Note: All attempts to mount the volume and copy the data were unsuccessful, so I'm not going to list all the details here. I tried booting Puppy Linux and mounting - no go. Tried connecting the disk externally to a Windows machine - would hang when mounting. There were a few other efforts, but the end result was the data was not accessible using those methods.

STEP 1: Disable Automount in Ubuntu


  • Open a terminal and from the command line, type:

$ gksudo gconf-editor


  • Then navigate to "apps->nautilus->preferences" and in that window un-check the "media_automount" option.

Note: Be sure to restore that option when you finish the data recovery since it is a bit of a nuisance to have to manually mount all your removable media!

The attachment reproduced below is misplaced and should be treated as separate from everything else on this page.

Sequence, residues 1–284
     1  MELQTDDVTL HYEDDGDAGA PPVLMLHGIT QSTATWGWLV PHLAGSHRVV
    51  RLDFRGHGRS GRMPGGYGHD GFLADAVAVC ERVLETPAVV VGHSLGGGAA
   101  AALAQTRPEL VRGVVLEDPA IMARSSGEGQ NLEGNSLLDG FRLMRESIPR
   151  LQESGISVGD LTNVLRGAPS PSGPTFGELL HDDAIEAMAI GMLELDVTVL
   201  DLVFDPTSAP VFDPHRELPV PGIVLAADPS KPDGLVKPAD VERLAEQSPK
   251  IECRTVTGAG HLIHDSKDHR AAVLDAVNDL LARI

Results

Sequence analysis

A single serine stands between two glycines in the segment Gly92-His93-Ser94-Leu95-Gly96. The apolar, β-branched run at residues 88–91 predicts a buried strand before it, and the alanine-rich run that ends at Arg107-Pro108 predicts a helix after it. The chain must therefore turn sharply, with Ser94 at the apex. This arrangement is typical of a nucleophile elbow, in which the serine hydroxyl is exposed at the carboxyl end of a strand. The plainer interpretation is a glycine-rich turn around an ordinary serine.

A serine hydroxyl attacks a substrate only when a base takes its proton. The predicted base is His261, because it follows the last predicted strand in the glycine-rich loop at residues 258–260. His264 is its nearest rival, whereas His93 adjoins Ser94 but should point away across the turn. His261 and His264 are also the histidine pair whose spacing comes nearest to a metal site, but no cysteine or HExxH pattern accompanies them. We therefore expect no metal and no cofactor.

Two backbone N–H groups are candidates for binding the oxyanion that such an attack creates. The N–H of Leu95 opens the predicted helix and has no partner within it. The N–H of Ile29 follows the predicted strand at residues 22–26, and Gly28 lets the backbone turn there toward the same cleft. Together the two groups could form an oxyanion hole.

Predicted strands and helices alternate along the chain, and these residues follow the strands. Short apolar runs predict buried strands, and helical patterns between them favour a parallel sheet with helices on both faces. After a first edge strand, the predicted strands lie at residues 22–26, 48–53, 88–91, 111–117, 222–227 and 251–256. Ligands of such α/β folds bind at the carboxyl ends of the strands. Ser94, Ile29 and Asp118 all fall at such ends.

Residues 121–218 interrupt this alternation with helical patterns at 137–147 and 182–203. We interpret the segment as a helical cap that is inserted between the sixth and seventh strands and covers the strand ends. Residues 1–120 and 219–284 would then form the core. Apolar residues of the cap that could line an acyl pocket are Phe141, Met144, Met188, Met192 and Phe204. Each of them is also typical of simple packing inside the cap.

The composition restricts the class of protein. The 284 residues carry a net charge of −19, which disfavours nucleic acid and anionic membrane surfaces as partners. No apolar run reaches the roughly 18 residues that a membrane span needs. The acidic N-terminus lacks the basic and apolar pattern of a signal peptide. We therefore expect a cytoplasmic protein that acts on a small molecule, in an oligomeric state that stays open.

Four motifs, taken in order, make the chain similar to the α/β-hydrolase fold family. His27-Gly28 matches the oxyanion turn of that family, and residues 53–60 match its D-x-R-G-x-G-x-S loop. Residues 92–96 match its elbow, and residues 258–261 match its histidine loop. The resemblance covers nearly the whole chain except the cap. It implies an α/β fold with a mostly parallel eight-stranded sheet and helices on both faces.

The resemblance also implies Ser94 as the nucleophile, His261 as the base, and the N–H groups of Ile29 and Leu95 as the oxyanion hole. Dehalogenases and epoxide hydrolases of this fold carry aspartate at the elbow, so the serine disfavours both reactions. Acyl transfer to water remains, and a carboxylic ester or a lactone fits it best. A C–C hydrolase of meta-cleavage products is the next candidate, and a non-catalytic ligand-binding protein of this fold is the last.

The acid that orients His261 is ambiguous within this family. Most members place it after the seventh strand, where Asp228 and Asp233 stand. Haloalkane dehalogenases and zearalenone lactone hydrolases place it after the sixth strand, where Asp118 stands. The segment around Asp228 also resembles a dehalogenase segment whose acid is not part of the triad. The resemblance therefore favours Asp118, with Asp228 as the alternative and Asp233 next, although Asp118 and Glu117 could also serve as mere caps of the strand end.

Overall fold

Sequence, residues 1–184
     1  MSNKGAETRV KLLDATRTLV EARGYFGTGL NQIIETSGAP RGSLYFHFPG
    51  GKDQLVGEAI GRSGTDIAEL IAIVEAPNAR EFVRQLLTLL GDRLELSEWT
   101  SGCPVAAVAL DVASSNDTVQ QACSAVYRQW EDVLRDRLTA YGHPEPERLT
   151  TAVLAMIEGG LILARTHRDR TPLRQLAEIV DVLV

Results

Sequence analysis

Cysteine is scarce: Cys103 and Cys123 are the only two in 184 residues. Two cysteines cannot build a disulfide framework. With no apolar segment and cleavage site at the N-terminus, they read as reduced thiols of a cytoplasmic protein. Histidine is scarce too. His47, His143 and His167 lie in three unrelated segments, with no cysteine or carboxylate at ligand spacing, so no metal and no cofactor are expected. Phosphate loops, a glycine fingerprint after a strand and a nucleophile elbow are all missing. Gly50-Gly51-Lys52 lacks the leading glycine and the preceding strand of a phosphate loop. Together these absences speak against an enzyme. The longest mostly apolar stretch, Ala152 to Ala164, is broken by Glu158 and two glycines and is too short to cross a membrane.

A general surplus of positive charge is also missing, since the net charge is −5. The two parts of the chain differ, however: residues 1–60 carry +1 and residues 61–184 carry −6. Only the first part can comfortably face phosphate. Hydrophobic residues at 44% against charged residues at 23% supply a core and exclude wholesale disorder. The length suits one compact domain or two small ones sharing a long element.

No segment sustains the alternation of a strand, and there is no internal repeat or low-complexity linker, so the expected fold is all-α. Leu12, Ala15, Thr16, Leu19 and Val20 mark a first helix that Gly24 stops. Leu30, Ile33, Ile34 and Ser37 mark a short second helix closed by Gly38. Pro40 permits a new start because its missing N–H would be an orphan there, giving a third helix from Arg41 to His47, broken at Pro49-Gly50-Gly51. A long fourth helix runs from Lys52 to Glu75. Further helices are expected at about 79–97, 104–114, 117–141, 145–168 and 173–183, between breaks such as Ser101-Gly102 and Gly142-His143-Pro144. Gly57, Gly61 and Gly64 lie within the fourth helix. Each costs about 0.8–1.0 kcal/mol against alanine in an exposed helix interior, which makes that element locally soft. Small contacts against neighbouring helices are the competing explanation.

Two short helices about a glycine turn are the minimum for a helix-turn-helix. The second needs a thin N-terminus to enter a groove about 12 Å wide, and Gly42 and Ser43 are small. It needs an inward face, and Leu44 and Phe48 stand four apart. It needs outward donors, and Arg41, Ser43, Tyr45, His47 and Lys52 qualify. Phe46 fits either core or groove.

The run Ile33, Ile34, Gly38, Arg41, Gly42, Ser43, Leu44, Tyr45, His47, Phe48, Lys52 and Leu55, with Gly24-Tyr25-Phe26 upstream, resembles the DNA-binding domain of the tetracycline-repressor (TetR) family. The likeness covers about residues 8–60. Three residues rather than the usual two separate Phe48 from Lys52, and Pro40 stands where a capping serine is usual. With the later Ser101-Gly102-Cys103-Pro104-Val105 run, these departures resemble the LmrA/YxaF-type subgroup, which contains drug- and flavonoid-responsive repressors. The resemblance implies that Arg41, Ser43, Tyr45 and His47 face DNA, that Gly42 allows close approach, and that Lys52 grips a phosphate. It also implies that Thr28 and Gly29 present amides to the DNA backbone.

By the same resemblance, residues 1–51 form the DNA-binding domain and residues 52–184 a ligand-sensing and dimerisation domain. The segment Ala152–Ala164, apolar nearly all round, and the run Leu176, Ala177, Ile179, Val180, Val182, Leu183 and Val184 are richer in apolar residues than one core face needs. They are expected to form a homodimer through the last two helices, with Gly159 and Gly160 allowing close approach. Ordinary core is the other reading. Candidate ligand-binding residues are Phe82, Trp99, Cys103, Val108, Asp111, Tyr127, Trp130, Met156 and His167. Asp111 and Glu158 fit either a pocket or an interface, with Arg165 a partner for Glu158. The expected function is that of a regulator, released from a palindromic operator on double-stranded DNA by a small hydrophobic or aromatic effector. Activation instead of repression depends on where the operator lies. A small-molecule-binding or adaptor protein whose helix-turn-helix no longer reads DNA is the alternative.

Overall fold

STEP 2: Install the dd_rescue program

  • Using the Netbook, I installed dd_rescue command in Ubuntu by doing the following:

$ sudo apt-get install ddrescue

STEP 3: Plug in the two drives.

  • Using the Netbook, I plugged in the two hard disks. I used two IDE to USB adapters that I bought at the local computer parts store. They were around $10 each.

Note: It doesn't matter which order you plug them in (defective first, transitional second) as long as you know which device is the damaged one and which device is the good one. We'll be copying from damaged to good.



STEP 4: Determine the device names.

  • I used GPARTED to check the devices. Since they aren't mounted, GPARTED only looks to see what the device names are and their basic information. In my case, it didn't cause any problems with the broken drive the way actually mounting it did.


  • For the sake of the documentation: